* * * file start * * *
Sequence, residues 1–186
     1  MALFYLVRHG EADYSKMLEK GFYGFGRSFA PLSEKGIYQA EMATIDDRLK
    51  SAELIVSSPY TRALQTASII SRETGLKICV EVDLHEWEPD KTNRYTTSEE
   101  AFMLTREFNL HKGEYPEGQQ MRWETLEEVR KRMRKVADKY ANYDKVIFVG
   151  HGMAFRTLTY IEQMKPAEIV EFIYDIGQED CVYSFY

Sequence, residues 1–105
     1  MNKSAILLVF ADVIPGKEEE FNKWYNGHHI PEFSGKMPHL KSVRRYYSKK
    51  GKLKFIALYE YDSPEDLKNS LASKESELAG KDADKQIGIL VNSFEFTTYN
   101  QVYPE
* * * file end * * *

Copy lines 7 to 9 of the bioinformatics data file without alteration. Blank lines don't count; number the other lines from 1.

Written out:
     1  MNKSAILLVF ADVIPGKEEE FNKWYNGHHI PEFSGKMPHL KSVRRYYSKK
    51  GKLKFIALYE YDSPEDLKNS LASKESELAG KDADKQIGIL VNSFEFTTYN
   101  QVYPE